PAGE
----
“Life changes fast. Life changes in the
instant. You sit down to dinner and life as you know it ends. The question of
self-pity” (Didion 2007a, 3). In December of 2003, Quintana Roo Dunne, daughter
of writers Joan Didion and John Dunne, fell into septic shock after contracting
pneumonia. On December 31, 2003, after visiting their daughter in New York’s
Beth Israel North Hospital, Didion and Dunne sat down to dinner (Didion 2007a, 6-7).
Shortly after they began eating, Dunne suffered from a major heart attack and
died. Dunne’s death marked the beginning of a year that would change Joan
Didion’s life. After a number of traumatic hospitalizations in 2004, Quintana
developed acute pancreatitis and died August 26, 2005 (Meter 2005).
Tartuffe by Molière was originally written in French and
first performed on May 12, 1664. It was performed at Palace of Versailles in
France. Being that it was Molière’s most famous theatrical comedy, it was
adapted and performed all over the world throughout the last four centuries.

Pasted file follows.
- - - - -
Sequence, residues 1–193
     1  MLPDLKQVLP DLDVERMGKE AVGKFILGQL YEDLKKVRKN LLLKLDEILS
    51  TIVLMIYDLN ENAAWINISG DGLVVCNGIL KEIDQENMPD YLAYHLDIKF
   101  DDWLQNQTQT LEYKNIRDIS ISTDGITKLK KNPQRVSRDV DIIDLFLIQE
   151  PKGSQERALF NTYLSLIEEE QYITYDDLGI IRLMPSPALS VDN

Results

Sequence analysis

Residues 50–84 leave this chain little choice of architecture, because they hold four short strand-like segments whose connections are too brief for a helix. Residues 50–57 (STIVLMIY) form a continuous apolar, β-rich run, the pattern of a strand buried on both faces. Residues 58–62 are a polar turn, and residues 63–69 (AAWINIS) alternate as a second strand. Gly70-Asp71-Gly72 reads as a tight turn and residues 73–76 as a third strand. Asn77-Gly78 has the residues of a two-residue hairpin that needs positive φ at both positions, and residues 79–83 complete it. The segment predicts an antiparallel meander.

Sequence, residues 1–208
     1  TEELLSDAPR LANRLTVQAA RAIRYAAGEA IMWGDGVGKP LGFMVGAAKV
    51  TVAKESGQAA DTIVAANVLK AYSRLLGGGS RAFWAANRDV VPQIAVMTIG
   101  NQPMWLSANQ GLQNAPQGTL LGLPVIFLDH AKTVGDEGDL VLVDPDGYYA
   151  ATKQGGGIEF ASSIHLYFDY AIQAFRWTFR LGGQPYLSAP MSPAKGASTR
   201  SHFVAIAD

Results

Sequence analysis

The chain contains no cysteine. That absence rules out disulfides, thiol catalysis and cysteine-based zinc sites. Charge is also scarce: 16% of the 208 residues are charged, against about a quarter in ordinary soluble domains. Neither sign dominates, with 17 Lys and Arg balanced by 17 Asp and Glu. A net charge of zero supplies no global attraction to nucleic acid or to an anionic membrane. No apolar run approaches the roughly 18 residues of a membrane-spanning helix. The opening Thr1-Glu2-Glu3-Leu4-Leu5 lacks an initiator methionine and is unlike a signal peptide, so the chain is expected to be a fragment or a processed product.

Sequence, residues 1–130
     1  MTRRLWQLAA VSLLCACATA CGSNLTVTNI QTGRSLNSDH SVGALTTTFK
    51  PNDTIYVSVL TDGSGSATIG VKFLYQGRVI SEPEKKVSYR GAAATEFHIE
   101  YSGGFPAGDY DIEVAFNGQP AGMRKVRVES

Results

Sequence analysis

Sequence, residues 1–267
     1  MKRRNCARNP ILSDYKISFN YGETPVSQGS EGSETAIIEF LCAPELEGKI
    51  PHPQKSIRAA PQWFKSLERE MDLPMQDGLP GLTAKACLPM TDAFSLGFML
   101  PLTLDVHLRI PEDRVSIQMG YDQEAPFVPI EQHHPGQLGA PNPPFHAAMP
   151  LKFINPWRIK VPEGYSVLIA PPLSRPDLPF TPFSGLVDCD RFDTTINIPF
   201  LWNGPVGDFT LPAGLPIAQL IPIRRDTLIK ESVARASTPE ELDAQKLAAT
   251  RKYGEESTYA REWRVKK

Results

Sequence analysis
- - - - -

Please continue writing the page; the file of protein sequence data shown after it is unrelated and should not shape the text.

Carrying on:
The King and I is a musical theatre play, with music by
Richard Rodgers and lyrics by Oscar Hammerstein II that originally premiered on
Broadway at St. James Theatre. Mongkut, King of Siam (now Thailand), hired a
British tutor, Mrs. Anna Leonowens to teach his children English. A widow, Anna
tutors while simultaneously attempting to humanize their cultural difference
and broaden their world-view beyond Siam. Anna endeavors to remove Siam’s
perceived barbaric image by assimilating the family into Western culture and
customs. Anna and Mongkut engage in a short lived romance, and after subsequent
family turmoil with one of the King’s many wives, Anna wants to leave Siam. On
his deathbed, Mongkut asks Anna to watch over his son, Chulalongkorn, as he
begins his rule.
This newspaper clipping of two men, one of which was holding a guitar quickly catches the eye due to the overtones of potential Blackface. However, after reading William Harris’ review, I discovered the work of Trinidadian playwright Mustapha Matura who used his experiences to craft powerful political commentaries. Matura first began writing and directing plays in London often tackling the ways Black people have been mistreated and abused throughout the Caribbean and the UK.
“the most widely published American journalistic humorist of the second half of
the 20th century,” Art Buchwald was a writer unlike any other
(Biography Reference Bank 2007). Buchwald spent the majority of his career
writing a satirical column that, at one time, was syndicated in 550 newspapers
(Nilsen 1996, 80). His contributions to journalism earned him a Pulitzer Prize
in 1982 (Folkenflik 2007).